We observe that the effective total column density of the central region becomes higher while its gradient becomes steeper the more we incline the model. The central effective dust temperatures, however, do not change significantly, whereas the profile becomes flatter. Figure 4 shows a detailed example in which we plot maps of synthetic 250 μm flux density, F250 μm, the effective total column density, , and effective dust temperature, , as seen at (θ, ϕ) = (0°, 0°) and (θ, ϕ) = (45°, 45°), as well as the respective PDFs. We note that since the dust is optically thin in the FIR the flux and column densities behave in the same way. This is why we focus our discussion on .

The effective column density is concentrated towards the longest axis of the model at (θ, ϕ) = (45°, 45°) compared to (θ, ϕ) = (0°, 0°), leading to higher intensities at similar effective dust temperatures. If one compares the regions enclosed by the contours at both viewing angles one can identify the same structures at (θ, ϕ) = (45°, 45°) as in (θ, ϕ) = (0°, 0°) (considering the influence of to rotation), but at higher values in the case of the intensity and effective column density. In the case of effective dust temperature, the respective regions are indicated by the contours of the same values.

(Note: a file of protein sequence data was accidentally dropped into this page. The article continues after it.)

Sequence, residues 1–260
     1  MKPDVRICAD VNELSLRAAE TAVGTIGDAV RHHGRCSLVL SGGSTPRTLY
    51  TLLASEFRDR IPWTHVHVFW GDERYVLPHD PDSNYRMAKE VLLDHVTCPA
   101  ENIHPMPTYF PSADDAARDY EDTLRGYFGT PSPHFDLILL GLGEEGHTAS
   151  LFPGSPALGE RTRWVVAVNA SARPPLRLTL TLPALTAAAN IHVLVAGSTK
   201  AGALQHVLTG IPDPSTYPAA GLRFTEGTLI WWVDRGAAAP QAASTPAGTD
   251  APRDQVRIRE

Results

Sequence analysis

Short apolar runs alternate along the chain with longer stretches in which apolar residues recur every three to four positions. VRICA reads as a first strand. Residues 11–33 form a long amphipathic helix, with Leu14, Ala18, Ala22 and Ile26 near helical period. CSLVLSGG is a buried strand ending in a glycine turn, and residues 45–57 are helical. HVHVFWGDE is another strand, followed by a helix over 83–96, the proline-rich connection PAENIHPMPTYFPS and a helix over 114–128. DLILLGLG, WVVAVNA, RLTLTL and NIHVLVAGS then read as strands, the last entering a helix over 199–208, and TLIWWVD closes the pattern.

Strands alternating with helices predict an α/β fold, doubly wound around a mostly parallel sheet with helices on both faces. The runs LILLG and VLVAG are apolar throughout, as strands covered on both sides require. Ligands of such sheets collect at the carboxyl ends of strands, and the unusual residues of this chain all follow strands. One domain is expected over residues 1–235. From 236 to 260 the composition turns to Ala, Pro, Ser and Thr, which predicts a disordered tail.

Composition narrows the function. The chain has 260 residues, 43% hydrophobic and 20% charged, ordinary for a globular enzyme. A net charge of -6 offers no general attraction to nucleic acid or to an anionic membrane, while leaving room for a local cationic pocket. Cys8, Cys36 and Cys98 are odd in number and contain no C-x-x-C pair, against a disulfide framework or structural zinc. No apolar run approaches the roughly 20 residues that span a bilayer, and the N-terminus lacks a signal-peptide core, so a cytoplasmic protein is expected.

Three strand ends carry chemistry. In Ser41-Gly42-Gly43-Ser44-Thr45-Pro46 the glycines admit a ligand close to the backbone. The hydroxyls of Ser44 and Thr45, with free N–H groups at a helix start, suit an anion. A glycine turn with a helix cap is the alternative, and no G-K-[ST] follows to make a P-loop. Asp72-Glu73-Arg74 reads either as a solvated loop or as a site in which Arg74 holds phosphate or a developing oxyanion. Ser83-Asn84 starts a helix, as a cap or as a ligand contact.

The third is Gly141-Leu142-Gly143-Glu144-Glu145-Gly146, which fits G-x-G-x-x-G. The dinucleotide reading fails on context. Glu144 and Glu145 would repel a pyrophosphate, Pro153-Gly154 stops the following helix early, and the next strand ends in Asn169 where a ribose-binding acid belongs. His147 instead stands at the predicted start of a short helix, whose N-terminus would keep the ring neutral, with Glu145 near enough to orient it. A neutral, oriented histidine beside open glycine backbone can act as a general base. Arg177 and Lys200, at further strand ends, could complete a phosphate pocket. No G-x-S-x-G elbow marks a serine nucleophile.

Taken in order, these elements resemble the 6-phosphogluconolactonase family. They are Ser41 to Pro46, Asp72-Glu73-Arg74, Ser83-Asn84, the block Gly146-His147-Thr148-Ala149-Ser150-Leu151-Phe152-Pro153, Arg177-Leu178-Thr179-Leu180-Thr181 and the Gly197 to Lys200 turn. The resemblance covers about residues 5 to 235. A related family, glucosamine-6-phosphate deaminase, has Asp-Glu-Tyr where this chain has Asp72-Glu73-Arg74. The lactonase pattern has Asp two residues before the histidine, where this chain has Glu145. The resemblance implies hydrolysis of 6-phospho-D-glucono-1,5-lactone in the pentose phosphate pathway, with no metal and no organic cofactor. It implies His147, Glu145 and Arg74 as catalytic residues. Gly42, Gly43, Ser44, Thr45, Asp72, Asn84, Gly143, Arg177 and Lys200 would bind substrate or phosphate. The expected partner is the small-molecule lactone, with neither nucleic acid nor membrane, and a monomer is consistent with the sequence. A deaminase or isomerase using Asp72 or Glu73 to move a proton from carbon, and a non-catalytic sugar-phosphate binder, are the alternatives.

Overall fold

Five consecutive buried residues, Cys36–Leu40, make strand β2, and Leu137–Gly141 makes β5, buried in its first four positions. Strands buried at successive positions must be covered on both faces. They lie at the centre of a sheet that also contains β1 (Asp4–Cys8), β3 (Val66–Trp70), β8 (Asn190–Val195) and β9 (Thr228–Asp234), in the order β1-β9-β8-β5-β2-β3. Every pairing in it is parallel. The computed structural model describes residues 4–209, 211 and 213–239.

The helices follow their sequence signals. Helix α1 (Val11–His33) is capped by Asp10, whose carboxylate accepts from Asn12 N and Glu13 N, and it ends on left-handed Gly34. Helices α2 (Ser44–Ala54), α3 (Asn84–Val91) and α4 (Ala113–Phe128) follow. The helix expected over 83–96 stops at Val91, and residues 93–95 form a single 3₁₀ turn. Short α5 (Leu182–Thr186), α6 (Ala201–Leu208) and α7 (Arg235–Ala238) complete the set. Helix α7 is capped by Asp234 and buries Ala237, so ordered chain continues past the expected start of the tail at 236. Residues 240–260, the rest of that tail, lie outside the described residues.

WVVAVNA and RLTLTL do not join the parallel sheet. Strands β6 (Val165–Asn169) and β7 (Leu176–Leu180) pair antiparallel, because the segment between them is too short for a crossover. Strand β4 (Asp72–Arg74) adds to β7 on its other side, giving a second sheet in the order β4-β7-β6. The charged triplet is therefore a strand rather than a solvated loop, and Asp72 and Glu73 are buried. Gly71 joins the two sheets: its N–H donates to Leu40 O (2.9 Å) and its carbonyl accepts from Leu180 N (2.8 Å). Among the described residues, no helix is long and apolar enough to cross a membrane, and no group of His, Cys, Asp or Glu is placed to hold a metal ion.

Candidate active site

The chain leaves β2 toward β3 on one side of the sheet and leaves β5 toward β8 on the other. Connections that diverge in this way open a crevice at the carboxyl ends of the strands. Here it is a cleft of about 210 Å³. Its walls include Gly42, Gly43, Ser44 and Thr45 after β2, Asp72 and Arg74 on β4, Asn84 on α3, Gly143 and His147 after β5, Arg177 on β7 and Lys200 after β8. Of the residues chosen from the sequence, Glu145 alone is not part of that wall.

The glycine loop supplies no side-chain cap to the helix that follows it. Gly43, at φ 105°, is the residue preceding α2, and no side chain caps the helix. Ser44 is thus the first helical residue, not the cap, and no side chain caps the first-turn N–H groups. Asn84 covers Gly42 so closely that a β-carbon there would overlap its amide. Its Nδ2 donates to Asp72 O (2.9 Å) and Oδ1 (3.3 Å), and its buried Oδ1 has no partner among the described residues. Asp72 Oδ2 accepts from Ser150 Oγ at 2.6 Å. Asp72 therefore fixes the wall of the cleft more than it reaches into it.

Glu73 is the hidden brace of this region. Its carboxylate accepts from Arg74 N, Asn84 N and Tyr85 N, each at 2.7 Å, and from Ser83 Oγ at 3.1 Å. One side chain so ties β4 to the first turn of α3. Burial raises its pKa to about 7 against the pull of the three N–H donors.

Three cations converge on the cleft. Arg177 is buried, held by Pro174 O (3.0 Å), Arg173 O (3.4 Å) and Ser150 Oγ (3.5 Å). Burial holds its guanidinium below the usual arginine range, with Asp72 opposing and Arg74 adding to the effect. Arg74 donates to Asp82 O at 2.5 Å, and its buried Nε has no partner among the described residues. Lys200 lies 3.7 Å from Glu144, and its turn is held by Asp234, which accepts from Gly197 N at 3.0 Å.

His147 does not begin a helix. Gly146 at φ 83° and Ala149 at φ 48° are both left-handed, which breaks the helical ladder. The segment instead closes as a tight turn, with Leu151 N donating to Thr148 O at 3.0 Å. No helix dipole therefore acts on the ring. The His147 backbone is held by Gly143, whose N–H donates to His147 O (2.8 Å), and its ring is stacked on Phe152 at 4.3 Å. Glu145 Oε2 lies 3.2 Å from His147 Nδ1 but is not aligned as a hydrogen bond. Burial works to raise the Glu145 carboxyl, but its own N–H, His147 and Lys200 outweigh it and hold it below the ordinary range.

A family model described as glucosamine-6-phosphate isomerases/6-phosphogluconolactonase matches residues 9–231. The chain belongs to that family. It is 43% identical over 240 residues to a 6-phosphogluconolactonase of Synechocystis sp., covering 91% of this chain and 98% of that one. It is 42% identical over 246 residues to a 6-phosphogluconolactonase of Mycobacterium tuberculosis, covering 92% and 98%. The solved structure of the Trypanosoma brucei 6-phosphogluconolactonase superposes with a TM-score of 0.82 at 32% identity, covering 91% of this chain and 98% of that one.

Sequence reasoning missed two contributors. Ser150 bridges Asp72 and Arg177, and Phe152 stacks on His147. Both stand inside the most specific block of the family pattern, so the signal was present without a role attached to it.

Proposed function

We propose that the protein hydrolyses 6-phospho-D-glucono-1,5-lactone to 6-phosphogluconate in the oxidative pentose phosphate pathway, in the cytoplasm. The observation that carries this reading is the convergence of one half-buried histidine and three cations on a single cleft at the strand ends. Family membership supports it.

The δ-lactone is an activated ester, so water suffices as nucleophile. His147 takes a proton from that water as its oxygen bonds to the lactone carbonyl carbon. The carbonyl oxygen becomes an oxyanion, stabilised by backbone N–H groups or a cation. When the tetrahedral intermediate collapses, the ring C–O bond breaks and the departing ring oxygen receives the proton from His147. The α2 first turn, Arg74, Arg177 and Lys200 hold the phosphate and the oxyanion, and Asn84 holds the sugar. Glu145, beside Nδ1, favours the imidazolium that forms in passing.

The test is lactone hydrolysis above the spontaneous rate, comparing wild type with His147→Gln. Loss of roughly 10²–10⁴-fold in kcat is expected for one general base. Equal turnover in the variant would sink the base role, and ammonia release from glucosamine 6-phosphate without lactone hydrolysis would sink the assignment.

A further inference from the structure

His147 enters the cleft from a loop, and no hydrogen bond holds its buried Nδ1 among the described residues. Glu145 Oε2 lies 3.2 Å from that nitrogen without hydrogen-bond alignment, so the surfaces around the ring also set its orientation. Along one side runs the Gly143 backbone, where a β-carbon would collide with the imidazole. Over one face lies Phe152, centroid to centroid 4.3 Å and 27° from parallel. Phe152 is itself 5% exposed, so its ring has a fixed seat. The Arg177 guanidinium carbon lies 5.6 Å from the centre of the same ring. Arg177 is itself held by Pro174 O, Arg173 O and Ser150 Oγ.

At (θ, ϕ) = (0°, 0°), the PDFs for both the effective total column density and dust temperature are log-normal with a peak at cm-2 and K. The PDFs of (θ, ϕ) = (45°, 45°), however, have the shape of a log-normal distribution with a power-law tail towards lower column densities and higher dust temperatures, peaking at cm-2 and K.

The main point that can be deduced from this result is that observing filaments along different sight lined do not fake typical signatures of star formation in column density PDFs (cf. Schneider et al. 2013; Stutz & Kainulainen 2015). The tails towards lower column densities in the PDFs are normally within the noise range and cut during the data reduction process. We discuss this in Sect. 4.2 in more detail.